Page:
a. They belonged to the same sphere of Vedic civilization, although far from the center, leaving enough scope for change in dialects.
b. The words that they share belong to a superset of words from Vedic that also has words shared by other languages of India.

Do you think the European languages share the same closeness with Vedic as much as ancient Iranian languages do? If not, why? How are they different in being different from Vedic as compared to South Indian languages?

What languages are you talking about? I am not aware of any Dravidian languages existing "in the heartland of Indo-Aryan languages." Dravidian languages in the northern half of the subcontinent only exist in peripheral areas, such as the Brahui in Balochistan (western Pakistan), and they are heavily influenced by their neighbors. It's also likely that they are recent migrants, rather than the remnants of some ancient Dravidian population.
What about Kurukh and Malto?

You are simply shifting the goalposts.
When did I shift goalposts?

1. If the split between the Vedic and Southern languages happened "further back in time," how do you propose that initial expansion took place? How was it qualitatively different from the later Aryan expansion?
My proposal is that there must have been dialects of Vedic spoken in a distant past throughout India. While the center of the development of language of what we now know as Chandas might have happened in Saraswati region, and there must have been reduced contact with other groups. This reduced contact helped those dialects diverge significantly from Vedic. That is not surprising because in a later wave of Sanskritization, most of the Southern languages developed their grammar based on Sanskrit grammar (including Tamil). You may want to find how and why Persian grammar retained it's elements even after Arabian influence. How did a long Islamic rule not change the grammar of Indian languages?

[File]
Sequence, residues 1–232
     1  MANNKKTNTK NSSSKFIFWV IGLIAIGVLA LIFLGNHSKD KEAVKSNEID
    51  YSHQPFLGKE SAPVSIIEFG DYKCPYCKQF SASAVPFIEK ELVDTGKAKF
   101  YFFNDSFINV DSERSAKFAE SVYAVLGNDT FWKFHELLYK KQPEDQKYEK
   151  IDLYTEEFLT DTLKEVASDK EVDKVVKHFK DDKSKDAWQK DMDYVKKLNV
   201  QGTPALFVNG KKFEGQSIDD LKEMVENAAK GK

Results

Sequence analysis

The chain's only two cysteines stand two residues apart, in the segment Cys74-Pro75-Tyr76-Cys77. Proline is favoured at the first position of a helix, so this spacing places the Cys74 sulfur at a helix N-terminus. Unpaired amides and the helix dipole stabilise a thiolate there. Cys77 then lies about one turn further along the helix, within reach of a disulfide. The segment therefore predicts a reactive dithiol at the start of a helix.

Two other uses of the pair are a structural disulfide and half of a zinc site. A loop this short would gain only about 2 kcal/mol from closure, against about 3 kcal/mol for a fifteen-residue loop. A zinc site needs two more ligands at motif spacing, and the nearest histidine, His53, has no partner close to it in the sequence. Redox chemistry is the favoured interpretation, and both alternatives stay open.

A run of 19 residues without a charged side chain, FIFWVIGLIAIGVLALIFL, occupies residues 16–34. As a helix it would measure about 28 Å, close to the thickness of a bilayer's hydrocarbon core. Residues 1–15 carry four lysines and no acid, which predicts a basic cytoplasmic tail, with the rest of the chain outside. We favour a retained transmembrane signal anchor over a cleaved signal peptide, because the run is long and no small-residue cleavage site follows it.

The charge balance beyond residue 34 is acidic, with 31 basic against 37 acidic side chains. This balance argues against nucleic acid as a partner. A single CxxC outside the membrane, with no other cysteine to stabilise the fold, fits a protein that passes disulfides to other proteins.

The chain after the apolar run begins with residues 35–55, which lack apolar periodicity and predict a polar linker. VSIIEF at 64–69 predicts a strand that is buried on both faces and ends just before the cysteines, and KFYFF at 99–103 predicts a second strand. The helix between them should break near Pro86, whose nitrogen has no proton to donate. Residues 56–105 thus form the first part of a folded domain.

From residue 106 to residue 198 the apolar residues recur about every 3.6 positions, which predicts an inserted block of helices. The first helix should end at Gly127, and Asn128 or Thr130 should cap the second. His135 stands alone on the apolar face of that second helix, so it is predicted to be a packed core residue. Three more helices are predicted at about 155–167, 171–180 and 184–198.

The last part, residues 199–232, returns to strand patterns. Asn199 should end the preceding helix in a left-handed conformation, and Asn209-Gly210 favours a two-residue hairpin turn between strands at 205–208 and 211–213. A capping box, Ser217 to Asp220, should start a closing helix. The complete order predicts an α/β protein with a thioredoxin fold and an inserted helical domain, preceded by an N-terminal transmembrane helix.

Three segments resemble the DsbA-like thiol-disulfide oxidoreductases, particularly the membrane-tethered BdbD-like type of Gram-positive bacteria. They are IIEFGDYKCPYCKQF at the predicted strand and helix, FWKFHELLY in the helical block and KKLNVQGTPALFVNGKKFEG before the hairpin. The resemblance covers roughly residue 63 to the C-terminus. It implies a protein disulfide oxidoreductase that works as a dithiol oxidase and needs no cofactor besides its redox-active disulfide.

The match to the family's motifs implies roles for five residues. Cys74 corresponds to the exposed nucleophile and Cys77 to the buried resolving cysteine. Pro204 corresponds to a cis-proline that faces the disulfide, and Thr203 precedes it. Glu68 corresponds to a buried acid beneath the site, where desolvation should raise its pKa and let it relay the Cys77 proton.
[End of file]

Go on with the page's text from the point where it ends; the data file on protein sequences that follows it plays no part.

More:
2. If the Aryans had already expanded throughout India in the past, why didn't they demonstrate any basic awareness of the larger Indian subcontinent in the early Vedas? In the Classical Hindu epics like Mahabharata and Ramayana, there is a clear awareness of the Indian subcontinent as a wider entity. Where is the awareness in the early Vedas? Why don't we have mentions of regions like Bengal, Kalinga, or Andhra in the Rig Veda, if the people who wrote Rig Veda had already spread their languages throughout India?